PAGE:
Posts tagged with terence tao

Transgressing boundaries, smashing binaries, and queering categories are important goals within certain schools of thought.

Reading such stuff the other week-end I noticed (a) a heap of geometrical metaphors and (b) limited geometrical vocabulary.

In my opinion functional analysis (as in, precision about mathematical functions—not practical deconstruction) points toward more appropriate geometries than just the `[0,1]` of fuzzy logic. If your goal is to escape “either/or” then I don’t think you’ve escaped very much if you just make room for an “in between”.

By contrast `ℝ→ℝ` functions (even continuous ones; even smooth ones!) can wiggle out of definitions you might naïvely try to impose on them. The space of functions naturally lends itself to different metrics that are appropriate for different purposes, rather than “one right answer”. And even trying to define a rational means of categorising things requires a lot—like, Terence Tao level—of hard thinking.

I’ll illustrate my point with the arbitrary function ƒ pictured at the top of this post. Suppose that ƒ∈𝒞². So it does make sense to talk about whether ƒ′′≷0.

But in the case I drew above, ƒ′′≹0. In fact “most” 𝒞² functions on that same interval wouldn’t fully fit into either “concave" or "convex”.

So “fits the binary” is rarer than “doesn’t fit the binary”. The “borderlands” are bigger than the staked-out lands. And it would be very strange to even think about trying to shoehorn generic 𝒞² functions into

• one type,
• the other,
• or “something in between”.

Beyond “false dichotomy”, ≶ in this space doesn’t even pass the scoff test. I wouldn’t want to call the ƒ I drew a “queer function”, but I wonder if a geometry like this isn’t more what queer theorists want than something as evanescent as “liminal”, something as thin as "boundary".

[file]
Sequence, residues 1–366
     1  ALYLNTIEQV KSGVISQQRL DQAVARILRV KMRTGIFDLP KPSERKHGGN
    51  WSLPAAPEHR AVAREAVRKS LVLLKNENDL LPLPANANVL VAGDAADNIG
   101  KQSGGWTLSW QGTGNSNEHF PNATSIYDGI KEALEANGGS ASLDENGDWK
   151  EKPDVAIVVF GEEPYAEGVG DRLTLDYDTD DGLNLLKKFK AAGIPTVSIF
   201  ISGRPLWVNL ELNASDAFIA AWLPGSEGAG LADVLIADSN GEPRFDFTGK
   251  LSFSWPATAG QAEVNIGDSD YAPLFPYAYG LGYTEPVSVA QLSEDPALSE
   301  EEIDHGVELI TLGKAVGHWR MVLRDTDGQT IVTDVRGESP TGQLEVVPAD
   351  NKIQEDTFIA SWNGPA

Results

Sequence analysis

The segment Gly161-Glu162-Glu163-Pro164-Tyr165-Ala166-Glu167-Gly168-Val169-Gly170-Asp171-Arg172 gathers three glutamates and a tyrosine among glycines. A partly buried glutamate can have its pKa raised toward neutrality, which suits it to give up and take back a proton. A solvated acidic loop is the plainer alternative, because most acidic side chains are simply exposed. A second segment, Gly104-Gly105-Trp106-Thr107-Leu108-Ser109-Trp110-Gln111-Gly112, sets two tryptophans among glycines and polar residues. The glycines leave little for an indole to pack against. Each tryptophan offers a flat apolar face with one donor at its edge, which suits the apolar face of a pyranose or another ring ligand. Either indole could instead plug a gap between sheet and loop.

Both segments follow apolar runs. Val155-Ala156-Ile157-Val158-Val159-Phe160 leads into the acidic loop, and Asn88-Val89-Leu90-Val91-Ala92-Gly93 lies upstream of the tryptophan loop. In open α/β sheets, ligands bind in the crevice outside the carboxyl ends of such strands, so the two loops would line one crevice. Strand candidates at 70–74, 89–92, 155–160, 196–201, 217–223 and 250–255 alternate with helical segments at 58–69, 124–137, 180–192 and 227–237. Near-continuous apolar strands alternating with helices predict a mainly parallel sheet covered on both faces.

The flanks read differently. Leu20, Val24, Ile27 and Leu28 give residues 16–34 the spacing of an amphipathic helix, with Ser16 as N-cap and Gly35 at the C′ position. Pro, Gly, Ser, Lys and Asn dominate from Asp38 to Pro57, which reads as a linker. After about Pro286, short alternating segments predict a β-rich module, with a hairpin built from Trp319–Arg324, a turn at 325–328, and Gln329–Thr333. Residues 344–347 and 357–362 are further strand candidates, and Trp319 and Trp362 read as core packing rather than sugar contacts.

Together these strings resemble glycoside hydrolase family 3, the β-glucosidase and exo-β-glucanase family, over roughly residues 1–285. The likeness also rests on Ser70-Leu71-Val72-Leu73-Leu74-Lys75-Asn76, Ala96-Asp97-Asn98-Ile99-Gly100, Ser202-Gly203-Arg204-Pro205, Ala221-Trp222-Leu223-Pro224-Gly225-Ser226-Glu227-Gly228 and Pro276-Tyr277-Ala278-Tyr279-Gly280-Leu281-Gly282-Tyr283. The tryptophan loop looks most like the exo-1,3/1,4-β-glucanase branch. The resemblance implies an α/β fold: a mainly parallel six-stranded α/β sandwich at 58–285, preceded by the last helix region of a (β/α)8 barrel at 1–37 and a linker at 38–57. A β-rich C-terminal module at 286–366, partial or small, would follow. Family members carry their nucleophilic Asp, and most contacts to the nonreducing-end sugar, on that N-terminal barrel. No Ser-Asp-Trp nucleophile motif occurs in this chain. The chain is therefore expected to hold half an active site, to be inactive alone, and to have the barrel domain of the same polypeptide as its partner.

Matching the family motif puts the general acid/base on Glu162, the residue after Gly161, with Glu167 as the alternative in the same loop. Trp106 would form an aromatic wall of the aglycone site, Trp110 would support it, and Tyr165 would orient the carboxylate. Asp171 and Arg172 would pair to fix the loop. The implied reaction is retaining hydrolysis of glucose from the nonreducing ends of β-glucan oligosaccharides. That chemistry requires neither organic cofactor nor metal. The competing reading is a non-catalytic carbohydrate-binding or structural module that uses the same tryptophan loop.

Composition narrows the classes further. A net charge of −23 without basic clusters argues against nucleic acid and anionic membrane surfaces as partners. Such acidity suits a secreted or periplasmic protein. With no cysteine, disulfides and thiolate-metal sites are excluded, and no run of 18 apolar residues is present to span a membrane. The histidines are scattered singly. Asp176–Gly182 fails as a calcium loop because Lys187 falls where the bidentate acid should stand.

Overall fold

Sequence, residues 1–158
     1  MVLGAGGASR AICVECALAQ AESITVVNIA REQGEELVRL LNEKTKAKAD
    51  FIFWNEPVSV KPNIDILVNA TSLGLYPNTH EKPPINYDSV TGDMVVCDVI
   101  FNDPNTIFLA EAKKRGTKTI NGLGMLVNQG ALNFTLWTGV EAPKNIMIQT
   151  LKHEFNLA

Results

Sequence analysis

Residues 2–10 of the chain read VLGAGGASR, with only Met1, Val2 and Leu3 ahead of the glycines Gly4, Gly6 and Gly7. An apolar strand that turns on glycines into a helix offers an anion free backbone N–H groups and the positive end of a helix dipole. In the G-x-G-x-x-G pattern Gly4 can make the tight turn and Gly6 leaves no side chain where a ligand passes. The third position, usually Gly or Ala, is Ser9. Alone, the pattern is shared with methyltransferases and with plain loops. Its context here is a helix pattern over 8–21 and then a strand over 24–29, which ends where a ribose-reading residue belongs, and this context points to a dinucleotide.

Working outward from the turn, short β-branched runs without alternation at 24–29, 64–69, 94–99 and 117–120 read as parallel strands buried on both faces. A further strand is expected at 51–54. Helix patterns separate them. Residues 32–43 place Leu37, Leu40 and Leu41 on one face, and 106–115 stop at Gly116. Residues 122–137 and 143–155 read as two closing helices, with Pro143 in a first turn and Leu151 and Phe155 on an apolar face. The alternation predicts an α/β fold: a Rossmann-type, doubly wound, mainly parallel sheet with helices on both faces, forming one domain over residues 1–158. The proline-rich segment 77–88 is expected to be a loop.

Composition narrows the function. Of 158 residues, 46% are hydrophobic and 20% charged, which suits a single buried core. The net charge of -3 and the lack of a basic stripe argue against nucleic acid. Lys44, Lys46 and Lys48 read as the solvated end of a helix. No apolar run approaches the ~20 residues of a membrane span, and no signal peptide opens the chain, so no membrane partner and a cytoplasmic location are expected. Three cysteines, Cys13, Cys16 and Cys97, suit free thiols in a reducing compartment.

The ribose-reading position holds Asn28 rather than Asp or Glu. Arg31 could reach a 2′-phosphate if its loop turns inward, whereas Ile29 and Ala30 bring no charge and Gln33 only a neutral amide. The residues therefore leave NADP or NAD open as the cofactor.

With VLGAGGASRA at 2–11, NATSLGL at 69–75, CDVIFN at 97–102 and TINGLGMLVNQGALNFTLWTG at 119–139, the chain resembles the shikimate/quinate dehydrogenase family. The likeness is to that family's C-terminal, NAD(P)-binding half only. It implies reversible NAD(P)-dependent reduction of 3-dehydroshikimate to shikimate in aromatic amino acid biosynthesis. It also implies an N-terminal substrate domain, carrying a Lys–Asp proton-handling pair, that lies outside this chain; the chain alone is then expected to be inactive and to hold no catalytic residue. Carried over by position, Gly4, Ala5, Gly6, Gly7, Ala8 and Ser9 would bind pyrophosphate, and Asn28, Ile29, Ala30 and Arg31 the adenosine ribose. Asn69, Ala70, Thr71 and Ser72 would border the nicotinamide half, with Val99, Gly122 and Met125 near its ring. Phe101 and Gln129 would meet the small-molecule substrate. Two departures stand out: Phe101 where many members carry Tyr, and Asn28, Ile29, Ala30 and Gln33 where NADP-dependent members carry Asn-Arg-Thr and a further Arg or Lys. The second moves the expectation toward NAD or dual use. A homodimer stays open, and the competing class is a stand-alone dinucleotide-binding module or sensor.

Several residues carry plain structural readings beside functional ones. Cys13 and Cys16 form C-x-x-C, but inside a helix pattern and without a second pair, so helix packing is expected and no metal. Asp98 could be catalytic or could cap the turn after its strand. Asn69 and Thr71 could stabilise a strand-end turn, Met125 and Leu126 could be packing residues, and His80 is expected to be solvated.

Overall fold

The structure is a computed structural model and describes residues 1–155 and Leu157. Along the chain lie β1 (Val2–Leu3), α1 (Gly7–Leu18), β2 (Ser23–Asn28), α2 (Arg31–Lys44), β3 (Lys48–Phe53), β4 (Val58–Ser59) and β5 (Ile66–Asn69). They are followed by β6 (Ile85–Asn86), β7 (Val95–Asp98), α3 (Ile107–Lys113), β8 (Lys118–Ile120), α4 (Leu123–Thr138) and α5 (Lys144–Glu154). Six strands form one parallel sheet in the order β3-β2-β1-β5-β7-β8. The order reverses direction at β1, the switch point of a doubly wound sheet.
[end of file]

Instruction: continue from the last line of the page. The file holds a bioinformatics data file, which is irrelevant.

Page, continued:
hi-res

In harmonic analysis and PDE, one often wants to place a function `ƒ:ℝᵈ→ℂ` on some domain (let’s take a Euclidean space `ℝᵈ` for simplicity) in one or more function spaces in order to quantify its “size”….

[T]here is an entire zoo of function spaces one could consider, and it can be difficult at first to see how they are organised with respect to each other.

For function spaces `X` on Euclidean space, two such exponents are the regularity `s` of the space, and the integrability `p` of the space.

—Terence Tao

Hat tip: @AnalysisFact

hi-res

[T]he point of introducing L^p spaces in the first place is … to exploit … Banach space. For instance, if one has |ƒ − g| = 0, one would like to conclude that ƒ = g. But because of the equivalence class in the way, one can only conclude that ƒ is equal to g almost everywhere.

The Lebesgue philosophy is analogous to the “noise-tolerant” philosophy in modern signal progressing. If one is receiving a signal (e.g. a television signal) from a noisy source (e.g. a television station in the presence of electrical interference), then any individual component of that signal (e.g. a pixel of the television image) may be corrupted. But as long as the total number of corrupted data points is negligible, one can still get a good enough idea of the image to do things like distinguish foreground from background, compute the area of an object, or the mean intensity, etc.

Terence Tao

If you’re thinking about points in Euclidean space, then yes — if the distance between them is nil, they are in the exact same spot and therefore the same point.

But abstract mathematics opens up more possibilities.

• Like TV signals. Like 2-D images or 2-D × time video clips.
• Like crime patterns, dinosaur paw prints, neuronal spike-trains, forged signatures, songs (1-D × time), trajectories, landscapes.
• Like, any completenormedvector space. (= it’s thick + distance exists + addition exists + everything’s included = it’s a Banach space)

(Source: terrytao.wordpress.com)